Business Excellence Awards
Applications are now being accepted for the 14th Annual Business Excellence Awar ...
It may not be spring, but as the new year dawns there are green shoots sprouting up across the state’s real estate development ecosystem.
Finally, the historic-preservation tax credit has made its official return. The R.I. Division of Taxation reported last week on the first three contract signings for a total of $1.6 million in credits that will go toward $7.3 million worth of project expenses. Including these first three, there is a total of $179.6 million in “qualified rehabilitation expenditures” for 27 projects on file with the state, according to documents obtained by The Providence Journal. If these projects attract as much additional private capital as the previous incarnation of the tax-credit program, they will make a significant dent in the state’s suffering construction sector.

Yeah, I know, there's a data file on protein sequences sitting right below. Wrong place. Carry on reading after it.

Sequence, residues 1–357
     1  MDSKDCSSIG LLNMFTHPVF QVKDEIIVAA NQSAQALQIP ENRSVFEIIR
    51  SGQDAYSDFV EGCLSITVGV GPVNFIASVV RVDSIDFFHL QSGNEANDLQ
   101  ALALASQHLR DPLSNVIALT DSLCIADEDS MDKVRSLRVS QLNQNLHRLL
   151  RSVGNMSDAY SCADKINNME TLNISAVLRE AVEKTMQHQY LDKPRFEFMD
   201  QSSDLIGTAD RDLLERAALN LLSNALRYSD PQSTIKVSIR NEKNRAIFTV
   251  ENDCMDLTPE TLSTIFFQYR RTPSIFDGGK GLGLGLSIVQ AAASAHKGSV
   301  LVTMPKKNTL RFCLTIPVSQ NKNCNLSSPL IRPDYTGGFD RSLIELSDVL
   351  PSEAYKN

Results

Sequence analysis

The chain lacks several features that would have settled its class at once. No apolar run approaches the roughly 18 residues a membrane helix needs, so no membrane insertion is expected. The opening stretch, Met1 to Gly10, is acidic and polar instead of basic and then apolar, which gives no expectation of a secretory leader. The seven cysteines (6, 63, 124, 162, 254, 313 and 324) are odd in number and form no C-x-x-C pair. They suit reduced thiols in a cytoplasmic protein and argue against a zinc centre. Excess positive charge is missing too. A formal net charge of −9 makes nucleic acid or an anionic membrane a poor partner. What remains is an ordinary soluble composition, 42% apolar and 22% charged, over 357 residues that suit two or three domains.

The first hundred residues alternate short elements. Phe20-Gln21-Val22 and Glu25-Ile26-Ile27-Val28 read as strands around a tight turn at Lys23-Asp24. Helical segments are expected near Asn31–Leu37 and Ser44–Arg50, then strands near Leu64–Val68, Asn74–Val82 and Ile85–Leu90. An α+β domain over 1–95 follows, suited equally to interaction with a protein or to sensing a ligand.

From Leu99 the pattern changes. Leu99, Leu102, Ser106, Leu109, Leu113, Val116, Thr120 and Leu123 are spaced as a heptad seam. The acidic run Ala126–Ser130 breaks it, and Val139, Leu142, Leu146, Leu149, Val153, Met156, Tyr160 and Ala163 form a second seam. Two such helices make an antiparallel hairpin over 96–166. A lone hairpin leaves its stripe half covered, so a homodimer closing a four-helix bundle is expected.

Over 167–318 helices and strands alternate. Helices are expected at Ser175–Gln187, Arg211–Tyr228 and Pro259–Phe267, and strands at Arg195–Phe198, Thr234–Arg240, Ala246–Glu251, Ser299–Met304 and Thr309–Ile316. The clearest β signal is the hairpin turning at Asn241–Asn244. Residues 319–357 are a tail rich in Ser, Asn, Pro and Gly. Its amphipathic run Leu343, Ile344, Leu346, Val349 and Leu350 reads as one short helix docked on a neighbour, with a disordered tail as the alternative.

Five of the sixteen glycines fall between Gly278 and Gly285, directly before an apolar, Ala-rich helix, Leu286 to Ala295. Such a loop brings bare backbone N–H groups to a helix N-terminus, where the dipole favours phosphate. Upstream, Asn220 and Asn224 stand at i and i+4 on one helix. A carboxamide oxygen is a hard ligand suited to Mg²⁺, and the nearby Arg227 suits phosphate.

In a story in this week’s edition, Lafayette Mills is profiled. The North Kingstown redevelopment project has been three decades in the making, but it is closing in on 100 percent occupancy, thanks to a number of factors: an attractive reuse of the historic structure; convenient access to the Wickford Junction commuter rail station; and the September opening of The Hive, part of Rhode Island’s growing collection of co-working spaces.
Taken on their own, each of these pieces of news is not earth-shattering in size. But in Rhode Island, small steps forward can add up to something big pretty quickly. •